C. Gainful employment of married women:
The extraordinary rise in the gainful employment of wives in modern economic and social life must be seen in connection with the economic reasons for keeping families small. After all, it is chiefly these same reasons that are prompting married women to work, especially in factories and offices; those cases in which women prefer this sort of outside work to family work represent a genuine minority.
There can be no doubt that the gainful employment of married women has an unfavorable influence on the birth rate in this circle of women. Both economic and professional concerns, as well as the excessive physical strain associated with holding two jobs – the housewife’s job is also a full-time job – lead gainfully employed married women to substantially limit the number of children they have. These thoughts are confirmed by the findings of the Federal Office of Statistics. According to this data, in 1950, married couples living together where the wife was gainfully employed had, on average, 0.6 children under the age of fifteen in their household, while the corresponding number for all married couples was 0.9.
However, these numbers do not yet provide any final indication, because they do not reveal unambiguously whether the lower frequency of births among working wives in each specific case was the consequence or the cause of employment. To render a secure judgment, we would have to know, in addition to age, also the length of the marriage, the income of the husband, and other characteristics about which the statistics currently do not provide any information.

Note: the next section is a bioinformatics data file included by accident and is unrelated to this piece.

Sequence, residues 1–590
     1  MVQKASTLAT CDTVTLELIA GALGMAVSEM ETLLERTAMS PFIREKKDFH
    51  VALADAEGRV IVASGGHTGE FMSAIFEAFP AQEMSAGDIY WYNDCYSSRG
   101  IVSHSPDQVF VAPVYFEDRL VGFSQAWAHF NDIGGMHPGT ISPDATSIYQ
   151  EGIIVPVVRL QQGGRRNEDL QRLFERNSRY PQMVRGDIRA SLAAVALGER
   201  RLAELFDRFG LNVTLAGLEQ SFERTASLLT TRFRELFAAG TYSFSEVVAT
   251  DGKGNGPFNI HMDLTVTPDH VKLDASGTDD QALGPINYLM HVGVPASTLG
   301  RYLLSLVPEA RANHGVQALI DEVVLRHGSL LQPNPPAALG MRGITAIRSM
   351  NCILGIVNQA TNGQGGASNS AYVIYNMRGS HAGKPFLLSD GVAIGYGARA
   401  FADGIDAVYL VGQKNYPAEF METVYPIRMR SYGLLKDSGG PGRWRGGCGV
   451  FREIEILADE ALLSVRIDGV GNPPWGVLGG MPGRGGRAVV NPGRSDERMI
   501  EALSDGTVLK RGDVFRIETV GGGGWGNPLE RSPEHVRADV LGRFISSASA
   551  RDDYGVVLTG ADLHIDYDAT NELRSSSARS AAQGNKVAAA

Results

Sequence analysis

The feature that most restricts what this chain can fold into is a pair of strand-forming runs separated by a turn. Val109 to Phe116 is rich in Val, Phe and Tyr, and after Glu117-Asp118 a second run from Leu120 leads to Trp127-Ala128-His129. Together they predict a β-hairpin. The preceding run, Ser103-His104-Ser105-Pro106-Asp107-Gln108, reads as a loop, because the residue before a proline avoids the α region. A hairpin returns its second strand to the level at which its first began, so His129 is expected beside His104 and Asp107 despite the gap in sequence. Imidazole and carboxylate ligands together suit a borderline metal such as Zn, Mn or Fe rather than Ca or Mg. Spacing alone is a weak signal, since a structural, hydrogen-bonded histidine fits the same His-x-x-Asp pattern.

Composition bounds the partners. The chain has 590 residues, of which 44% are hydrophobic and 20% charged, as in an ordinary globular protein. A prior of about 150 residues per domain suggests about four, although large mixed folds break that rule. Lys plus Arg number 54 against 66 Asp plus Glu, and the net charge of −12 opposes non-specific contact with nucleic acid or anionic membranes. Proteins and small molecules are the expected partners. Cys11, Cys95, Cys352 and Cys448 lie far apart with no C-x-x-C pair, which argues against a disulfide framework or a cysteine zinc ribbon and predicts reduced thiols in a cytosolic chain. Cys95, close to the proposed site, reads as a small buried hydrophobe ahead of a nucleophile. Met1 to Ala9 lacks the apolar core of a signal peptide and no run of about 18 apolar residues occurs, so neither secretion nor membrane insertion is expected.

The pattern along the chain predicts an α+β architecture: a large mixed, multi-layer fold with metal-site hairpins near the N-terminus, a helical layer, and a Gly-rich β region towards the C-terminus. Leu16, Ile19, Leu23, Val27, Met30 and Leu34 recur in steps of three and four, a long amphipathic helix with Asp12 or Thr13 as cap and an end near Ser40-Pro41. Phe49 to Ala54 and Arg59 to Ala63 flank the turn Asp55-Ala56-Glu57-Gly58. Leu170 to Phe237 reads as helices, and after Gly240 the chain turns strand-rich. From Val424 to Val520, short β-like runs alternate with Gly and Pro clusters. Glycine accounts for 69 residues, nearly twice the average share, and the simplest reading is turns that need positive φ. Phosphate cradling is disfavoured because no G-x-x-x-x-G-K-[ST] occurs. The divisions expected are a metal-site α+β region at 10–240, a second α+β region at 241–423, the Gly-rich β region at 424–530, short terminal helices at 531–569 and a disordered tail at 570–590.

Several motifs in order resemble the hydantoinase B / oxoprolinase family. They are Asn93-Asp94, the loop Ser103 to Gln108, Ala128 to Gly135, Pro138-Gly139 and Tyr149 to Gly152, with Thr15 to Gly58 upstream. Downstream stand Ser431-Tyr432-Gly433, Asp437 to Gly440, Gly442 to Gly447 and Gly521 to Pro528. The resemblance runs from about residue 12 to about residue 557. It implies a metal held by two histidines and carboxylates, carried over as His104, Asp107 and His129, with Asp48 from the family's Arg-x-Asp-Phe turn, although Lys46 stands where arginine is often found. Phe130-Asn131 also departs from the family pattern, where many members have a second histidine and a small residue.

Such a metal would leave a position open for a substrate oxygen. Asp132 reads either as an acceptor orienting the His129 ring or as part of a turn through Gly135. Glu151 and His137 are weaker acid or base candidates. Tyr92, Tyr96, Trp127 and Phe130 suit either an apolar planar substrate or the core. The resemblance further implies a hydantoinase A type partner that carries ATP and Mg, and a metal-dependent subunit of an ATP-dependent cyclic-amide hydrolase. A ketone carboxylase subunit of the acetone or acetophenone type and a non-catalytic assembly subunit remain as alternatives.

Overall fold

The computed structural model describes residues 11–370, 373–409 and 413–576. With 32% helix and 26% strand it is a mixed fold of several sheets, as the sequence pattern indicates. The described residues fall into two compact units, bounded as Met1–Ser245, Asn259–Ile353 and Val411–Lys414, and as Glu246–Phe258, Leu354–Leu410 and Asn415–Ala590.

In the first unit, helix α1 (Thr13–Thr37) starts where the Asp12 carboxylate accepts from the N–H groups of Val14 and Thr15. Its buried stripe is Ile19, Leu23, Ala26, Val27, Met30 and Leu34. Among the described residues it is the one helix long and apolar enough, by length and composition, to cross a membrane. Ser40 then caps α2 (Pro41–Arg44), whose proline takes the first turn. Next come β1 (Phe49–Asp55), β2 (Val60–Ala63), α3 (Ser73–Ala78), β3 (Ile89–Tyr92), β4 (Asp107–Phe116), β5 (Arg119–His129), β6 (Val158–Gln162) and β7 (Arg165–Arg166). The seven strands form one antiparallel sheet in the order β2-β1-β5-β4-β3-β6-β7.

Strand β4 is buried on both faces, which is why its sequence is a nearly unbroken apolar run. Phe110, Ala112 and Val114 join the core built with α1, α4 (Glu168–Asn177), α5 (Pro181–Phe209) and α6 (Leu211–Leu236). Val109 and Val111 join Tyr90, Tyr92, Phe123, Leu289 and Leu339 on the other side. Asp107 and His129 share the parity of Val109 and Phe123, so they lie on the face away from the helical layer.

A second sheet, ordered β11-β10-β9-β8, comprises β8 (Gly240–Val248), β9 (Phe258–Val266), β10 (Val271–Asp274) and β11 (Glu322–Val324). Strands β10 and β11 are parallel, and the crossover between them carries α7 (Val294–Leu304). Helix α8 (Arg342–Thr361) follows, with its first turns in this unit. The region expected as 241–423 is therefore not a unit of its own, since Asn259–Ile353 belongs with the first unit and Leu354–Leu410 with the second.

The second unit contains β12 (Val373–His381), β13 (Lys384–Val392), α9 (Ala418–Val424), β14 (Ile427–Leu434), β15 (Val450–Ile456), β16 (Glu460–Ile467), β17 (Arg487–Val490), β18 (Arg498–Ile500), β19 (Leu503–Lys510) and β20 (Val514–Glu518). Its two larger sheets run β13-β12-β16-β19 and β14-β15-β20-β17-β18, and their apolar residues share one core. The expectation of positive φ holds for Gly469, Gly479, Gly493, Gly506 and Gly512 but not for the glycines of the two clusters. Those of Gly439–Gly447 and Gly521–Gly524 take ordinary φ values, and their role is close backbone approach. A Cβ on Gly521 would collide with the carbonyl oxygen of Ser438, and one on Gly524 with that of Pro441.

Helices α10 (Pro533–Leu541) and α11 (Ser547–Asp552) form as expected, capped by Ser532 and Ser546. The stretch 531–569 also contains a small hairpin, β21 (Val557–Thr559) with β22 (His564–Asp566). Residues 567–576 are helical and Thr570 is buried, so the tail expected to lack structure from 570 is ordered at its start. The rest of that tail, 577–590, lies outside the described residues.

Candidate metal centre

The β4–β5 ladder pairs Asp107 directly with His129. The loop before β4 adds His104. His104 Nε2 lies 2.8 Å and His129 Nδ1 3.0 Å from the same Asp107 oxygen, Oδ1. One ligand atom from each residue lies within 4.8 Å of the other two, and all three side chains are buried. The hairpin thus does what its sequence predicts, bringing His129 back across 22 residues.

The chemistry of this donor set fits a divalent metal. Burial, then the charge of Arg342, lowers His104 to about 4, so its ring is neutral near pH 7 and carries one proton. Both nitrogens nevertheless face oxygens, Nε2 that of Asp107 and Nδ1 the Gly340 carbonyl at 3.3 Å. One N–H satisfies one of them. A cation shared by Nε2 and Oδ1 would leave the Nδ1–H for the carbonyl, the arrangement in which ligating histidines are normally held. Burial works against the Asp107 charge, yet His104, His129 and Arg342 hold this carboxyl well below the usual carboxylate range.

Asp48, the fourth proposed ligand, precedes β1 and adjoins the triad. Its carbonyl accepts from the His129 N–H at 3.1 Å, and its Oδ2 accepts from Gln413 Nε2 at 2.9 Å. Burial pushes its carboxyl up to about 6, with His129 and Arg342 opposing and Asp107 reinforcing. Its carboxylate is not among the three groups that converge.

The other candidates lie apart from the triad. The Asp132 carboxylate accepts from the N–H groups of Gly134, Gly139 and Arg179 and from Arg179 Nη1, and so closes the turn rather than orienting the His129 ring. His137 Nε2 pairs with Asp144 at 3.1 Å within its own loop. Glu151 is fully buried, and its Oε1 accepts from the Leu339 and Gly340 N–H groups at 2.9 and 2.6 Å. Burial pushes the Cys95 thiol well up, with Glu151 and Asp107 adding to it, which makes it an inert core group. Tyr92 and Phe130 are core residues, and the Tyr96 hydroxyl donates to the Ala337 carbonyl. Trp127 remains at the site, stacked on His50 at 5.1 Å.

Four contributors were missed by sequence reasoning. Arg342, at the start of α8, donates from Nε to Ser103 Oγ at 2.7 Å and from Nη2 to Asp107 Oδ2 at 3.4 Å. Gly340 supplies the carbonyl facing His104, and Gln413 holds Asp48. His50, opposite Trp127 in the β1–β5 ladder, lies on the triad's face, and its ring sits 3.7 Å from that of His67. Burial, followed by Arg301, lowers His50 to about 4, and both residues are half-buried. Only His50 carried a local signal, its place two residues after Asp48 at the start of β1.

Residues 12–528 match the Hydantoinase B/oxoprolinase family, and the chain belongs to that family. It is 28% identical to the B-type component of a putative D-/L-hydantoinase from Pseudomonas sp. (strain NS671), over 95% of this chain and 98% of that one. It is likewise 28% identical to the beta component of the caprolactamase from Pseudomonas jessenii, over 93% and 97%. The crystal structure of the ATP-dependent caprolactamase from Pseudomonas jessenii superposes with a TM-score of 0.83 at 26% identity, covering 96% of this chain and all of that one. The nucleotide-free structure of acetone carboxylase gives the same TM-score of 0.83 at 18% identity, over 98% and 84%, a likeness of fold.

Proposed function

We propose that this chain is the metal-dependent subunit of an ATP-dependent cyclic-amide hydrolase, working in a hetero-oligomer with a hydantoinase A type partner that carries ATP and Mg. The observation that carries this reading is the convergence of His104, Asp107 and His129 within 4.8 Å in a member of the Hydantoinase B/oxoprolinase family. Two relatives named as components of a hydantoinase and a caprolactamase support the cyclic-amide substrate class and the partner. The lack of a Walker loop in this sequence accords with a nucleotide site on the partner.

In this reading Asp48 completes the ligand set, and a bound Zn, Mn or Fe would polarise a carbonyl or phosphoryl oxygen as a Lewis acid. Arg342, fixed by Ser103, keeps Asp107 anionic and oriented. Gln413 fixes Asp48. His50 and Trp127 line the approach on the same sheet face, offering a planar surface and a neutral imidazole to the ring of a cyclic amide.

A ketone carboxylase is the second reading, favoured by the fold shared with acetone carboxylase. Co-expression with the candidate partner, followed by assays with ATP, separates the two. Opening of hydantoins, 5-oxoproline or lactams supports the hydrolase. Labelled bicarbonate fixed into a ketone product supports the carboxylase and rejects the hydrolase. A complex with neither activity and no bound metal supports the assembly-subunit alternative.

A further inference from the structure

D. Housing shortage:
The approximately 10,000 submissions that the Federal Ministry for Family Affairs receives each year just from those in search of housing clearly show that the housing shortage is still having a serious effect on many of our families. Despite the construction of about 3.5 million housing units at a cost of about 55 billion DM, the Federal Ministry for Housing Construction estimated that the shortfall of family housing units (multi-room apartments) was still 1.6 million at the end of 1956. These problems particularly affect younger couples, who, after marriage, have still been unable to find suitable housing or do not have sufficient funds to purchase an apartment. Time and again, the submissions make clear just how much younger married couples, who see raising several children as one goal of their marriage, are suffering from housing conditions that simply make it impossible for them to do so.
E. Contraception and abortion:
The desire to keep families small for the aforementioned reasons is aided by the fact that ever wider circles have received more comprehensive education about contraceptive measures and abortion. According to studies by the Federal Office of Statistics, condom production alone has doubled within the last five years (around 44 million in 1950, around 88 million in 1955). No numerical data on chemical contraceptives is available yet.
Much greater importance is attached to the rise in miscarriages and abortions. The Hamburg hygienist Professor Dr. Harmsen, a member of the advisory council of the Federal Ministry for Family Matters, rightly sees this as a central problem for our national health and for the birth trend.
Also, according to medical opinion, one can no longer overlook the considerable rise in miscarriages as a factor in the noticeable decline in current birth numbers. Although doctors have practically no obligation to report miscarriages anymore, whereas they did in time before the Second World War, the few numerical records from the postwar period provide sufficient indication that the rise in miscarriages is a terrifyingly serious socio-biological as well as socio-hygienic problem. [ . . . ]